|Photo Credit: Morgue File by Emmi P.|
Today's post is a characteristically bastardized response to the GBE2 prompt on Guilty Pleasures.
Eleven years ago, I was told they were impacted and had to come out. The first time they were scheduled for extraction, on arrival at the surgeon's office, my state insurance had been inexplicably cancelled. Phone calls had to be made, paperwork filled out, everything put back as it should be. We re-scheduled for a second time. But driving to the appointment, somehow we got lost, took five wrong turns and arrived too late for the procedure. This time, I did not re-schedule. So, they stayed in. I would live with them the way they were until–and if–they became so unbearable they forced me to reconsider.
Other teeth shifted forward to accommodate them, overlapping. Gums gaped angrily around their sharp penetration through spaces where they didn't fit. Food collected in pockets and I worked it out. Pus swelled up around them, and I parried it off with hydrogen peroxide and the edge of a fingernail. Sitting in a dentist's chair, five years from the date I had left that surgeon's office, I was told they had come through and that there was no need to remove them.
And so they have become one of my features. Brushing my teeth last night, I got the floss and worked out, as best as I could, the food that wants always to get trapped in my gum line, the bacteria that wants always to form, the blood that seeps out from the area which is still not a healed place, but is always somehow giving birth to these teeth, over and over–these teeth that do not fit.
I am keeping infection at bay. Keeping surgery at bay. Keeping pain at bay. Just far enough away that I can look at it through a pane of glass and see something that is still outside of my house, a few feet away. At just great enough a distance that I can feel safe. A great deal of niggling effort is expended keeping it all just there, a great deal of vigilance.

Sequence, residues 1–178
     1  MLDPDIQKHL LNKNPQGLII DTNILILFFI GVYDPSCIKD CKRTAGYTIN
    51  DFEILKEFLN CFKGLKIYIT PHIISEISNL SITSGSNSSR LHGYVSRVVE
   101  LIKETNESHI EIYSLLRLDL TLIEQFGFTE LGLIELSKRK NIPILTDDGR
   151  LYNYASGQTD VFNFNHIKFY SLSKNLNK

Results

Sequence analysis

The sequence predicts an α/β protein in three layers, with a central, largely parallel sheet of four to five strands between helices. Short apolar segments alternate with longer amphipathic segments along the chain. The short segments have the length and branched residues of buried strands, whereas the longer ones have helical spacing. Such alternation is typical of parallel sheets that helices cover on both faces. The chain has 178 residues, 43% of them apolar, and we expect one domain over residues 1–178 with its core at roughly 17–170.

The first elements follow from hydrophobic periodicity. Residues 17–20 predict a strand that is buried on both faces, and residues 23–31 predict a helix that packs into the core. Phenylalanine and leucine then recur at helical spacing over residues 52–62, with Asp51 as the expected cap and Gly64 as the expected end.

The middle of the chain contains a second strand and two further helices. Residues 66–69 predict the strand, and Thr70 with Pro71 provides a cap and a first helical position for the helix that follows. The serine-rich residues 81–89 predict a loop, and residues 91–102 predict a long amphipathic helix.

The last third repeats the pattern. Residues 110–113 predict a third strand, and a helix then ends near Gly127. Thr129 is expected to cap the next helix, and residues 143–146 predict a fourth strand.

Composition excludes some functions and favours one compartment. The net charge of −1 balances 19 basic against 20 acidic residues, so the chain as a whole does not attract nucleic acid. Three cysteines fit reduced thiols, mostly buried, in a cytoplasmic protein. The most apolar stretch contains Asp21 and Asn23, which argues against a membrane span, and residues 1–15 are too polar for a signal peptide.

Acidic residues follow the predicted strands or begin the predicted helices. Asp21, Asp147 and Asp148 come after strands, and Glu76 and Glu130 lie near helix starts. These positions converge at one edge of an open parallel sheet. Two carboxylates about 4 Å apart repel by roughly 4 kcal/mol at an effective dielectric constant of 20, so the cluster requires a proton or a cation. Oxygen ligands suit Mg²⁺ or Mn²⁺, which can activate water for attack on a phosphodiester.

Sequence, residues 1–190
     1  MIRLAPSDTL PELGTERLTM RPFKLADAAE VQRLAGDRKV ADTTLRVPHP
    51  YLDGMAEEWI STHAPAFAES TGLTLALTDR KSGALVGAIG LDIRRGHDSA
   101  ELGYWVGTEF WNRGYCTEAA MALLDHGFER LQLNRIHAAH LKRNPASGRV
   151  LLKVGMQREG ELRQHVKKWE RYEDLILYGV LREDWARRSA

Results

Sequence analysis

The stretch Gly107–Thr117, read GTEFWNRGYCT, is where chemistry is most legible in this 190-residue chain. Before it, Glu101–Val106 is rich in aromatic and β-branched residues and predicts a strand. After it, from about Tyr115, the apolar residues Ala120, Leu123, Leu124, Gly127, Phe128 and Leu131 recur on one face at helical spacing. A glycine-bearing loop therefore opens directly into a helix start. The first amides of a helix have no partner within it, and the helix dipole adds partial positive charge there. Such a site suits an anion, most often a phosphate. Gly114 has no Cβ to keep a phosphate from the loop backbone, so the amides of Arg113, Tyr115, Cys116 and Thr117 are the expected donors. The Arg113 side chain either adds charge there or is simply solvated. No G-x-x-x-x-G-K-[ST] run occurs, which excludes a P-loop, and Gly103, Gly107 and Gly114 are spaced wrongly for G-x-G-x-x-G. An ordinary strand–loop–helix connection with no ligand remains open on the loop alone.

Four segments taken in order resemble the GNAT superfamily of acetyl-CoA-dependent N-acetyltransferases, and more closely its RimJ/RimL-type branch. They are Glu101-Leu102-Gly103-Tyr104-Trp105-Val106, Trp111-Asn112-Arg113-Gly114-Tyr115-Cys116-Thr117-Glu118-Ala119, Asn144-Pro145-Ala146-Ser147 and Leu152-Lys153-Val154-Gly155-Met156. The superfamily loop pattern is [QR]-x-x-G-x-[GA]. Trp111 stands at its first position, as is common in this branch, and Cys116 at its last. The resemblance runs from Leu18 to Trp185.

Had I, eleven years ago, submitted myself to the indignity of a third return to that office, to the embarrassment of being a twenty-five year-old woman who could neither get her Medicaid paperwork together or get herself to an office on time with nursing infant in tow, had I been willing to face the blinding pain of the extraction, these spots would be nothing but healed places in the back of my mouth. I could trace the smooth surface of them with my tongue. Had I paid then with the fortitude of maturity, I could reap now the benefit of having forgotten.
Instead, they stay with me. They assault with threat of infection and I win out, but the fight continues to go on, persisting always on the belief that I will ultimately prevail. Hope is a bloodied space in my mouth that I refuse to let go of. Next week, next month, next year, surely the damn things will be done raping the tissues of my gums and will let things lie. Surely, surely this is part of the transformation to wholeness that I must undergo. Surely I have not chosen, for no reason, to live with pain.
Admitting failure means that they will have to be removed, at long last, and the teeth pushed together to accommodate them will still remain crushed like crowds of Christmas shoppers, shoulders overlapped. Admitting failure means highlighting the pointlessness of the exercise of the last eleven years. Admitting failure means submitting to a sharp and overwhelming pain.
On balance, I might rather continue to gain some small satisfaction from being able to direct the pus and food particles, day after day, practicing the illusion of control. On balance, I might rather practice acceptance. They are my teeth. I love them. I chose them. It is too late now to unmake my choice. On balance, I might rather continue to persist in the guilty pleasure of hope, the counting of cars before the one you are waiting for, that lasts for years, the still observation that becomes a life already lived.
How long you can live with what seems must be taken out.